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Malibu Media LLC is by now well known as a frequent filer of copyright infringement lawsuits nationwide against web users alleged to have illegally downloaded and shared the company’s adult films. But on Nov. 9, a federal judge in Pennsylvania said it should be up to a jury to decide whether the company is entitled to stake a claim to those copyrights in the first place.

In a Nov. 9 ruling on the parties’ cross-motions for summary judgment, U.S. District Chief Judge Christopher Conner of the Middle District of Pennsylvania ruled that a John Doe defendant should have an opportunity to argue before a jury that Malibu abandoned its copyrights when it made the decision to upload its content to several YouTube-esque porn streaming websites that it knew would make that content available for download.

Doe was accused of illegally downloading 20 copyrighted porn movies and distributing them via the peer-to-peer file-sharing platform BitTorrent. He admitted to downloading all except for one of them, but responded with several affirmative defenses arguing that he was entitled to do so. Among those defenses was Doe’s assertion that Malibu may have uploaded all 20 videos itself to streaming sites as part of a promotional strategy and therefore would have been aware of the potential for the videos to be downloaded and disseminated by users of those sites, thus abandoning the copyrights to those works.

“Malibu concedes that it may have done so for promotional purposes, but ’under the expectation that the videos could not be downloaded and distributed by the website[’]s viewers,’” Conner said. ”Yet a jury could infer from co-owner [Colette] Pelissier-Field’s engagement with users on tubesites that she—and, by extension, Malibu—was familiar with the capabilities of those sites, including the download function. A reasonable jury may also find it compelling that Malibu introduced these videos into the digital ether without executing any type of written agreement with the tubesites or retaining a single record of which videos were uploaded to which tubesites.”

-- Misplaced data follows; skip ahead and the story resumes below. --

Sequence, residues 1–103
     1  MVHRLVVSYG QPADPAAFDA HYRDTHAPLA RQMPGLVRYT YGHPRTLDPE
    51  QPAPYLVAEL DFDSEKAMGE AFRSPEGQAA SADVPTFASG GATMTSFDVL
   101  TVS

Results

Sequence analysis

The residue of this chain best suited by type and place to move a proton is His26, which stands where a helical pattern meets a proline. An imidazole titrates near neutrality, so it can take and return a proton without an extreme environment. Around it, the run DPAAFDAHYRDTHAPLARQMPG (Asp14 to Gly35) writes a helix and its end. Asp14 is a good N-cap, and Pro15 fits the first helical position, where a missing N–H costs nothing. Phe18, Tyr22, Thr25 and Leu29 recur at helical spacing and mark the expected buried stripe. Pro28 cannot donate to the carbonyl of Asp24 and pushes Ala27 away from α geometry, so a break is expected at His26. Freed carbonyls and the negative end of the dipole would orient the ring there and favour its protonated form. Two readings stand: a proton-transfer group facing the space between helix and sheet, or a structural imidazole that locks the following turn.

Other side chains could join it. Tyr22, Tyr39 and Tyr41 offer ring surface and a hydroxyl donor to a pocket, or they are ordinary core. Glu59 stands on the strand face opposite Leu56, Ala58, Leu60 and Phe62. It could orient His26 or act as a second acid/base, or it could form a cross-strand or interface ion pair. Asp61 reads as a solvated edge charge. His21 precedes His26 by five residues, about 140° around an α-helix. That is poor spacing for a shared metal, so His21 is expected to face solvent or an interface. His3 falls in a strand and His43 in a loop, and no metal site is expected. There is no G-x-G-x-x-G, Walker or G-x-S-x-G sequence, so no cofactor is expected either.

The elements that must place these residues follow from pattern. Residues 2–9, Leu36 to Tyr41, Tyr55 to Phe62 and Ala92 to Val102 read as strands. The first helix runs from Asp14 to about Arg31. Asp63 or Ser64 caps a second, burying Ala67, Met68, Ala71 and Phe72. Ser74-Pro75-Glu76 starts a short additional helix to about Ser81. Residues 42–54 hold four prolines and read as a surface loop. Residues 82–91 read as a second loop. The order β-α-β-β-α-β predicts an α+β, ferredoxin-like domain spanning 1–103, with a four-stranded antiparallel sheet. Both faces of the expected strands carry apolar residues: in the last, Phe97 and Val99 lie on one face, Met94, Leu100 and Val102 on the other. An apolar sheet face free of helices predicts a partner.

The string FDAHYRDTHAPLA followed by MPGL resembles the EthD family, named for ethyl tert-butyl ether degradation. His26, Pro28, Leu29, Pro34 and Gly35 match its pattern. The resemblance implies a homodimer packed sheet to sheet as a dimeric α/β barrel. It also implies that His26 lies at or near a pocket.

Doe has also alleged that Malibu promotes its content through so-called “X-Cash agents,” who sign up as affiliates of Malibu on X-Cash.com and are then paid to upload Malibu-owned content to various tubesites and even torrent sites.

“Malibu has also failed to engage in any meaningful way with John Doe’s evidence and arguments regarding use of X-Cash agents to promote Malibu’s material,” Conner said. “John Doe has adduced evidence establishing, by Malibu’s own admission, that such a program exists, although the scope and nature of the X-Cash program and how it operates are not entirely clear. The evidence on this issue is thin but, at this juncture, it is unanswered by Malibu.”

But Conner also made clear that the defendant faced an uphill battle in making a copyright abandonment argument at trial.

“To be clear, we do not conclude today that Malibu has abandoned its rights for any of the copyrights-in-suit,” the judge said. ”At trial, John Doe will need to convince the jury that Malibu intentionally abandoned its rights to copy and to distribute as to each of the copyrights-in-suit. As we previously indicated, a finding by the jury that Malibu abandoned its rights to enforce one or more copyrights does not mean that Malibu’s entire library of works is free for all internet users to download and share. We hold only that—based on an equivocal record compounded by less-than-pellucid Rule 56.1 statements—genuine disputes of fact remain for trial as to whether Malibu abandoned its right to enforce any or all of the copyrights-in-suit.”

Conner also said a jury would need to decide whether Doe unlawfully copied or distributed the one video he denies ever downloading, titled “In for the Night.”

“Malibu has not directed the court to any evidence—contested or otherwise—showing that John Doe in fact downloaded or redistributed the contested video ‘In for the Night,’” Conner said. ”Absent such evidence, we cannot find as a matter of law that Malibu is entitled to summary judgment on the question of infringement as to this video.”

Still, the judge ruled against Doe on the rest of his affirmative defenses, including his assertion that Malibu granted him either actual or implied licenses to download its content by uploading it to tubesites. Conner also rejected Doe’s arguments that he was misled by advertisements on tubesites promoting Malibu’s content as being free and that Malbu’s lawsuit constituted copyright misuse.

“The record is devoid of evidence supporting John Doe’s speculation that Malibu purposefully deceived him to download the copyrights-in-suit. Nor has John Doe submitted evidence from which a trier of fact might find that Malibu’s lawsuit is anything other than a ‘good faith attempt to enforce a copyright,’ conduct which ‘does not violate the antitrust laws,’” Conner said, quoting language from the U.S. Court of Appeals for the Third Circuit’s 1984 ruling in Columbia Pictures Industries v. Redd Horne.

Counsel for Doe, solo attorney Aaron T. Brooks of Pennsylvania Furnace, and Malibu’s attorney, Alfred Jordan Rushie of Rushie Law in Philadelphia, did not respond to requests for comment.

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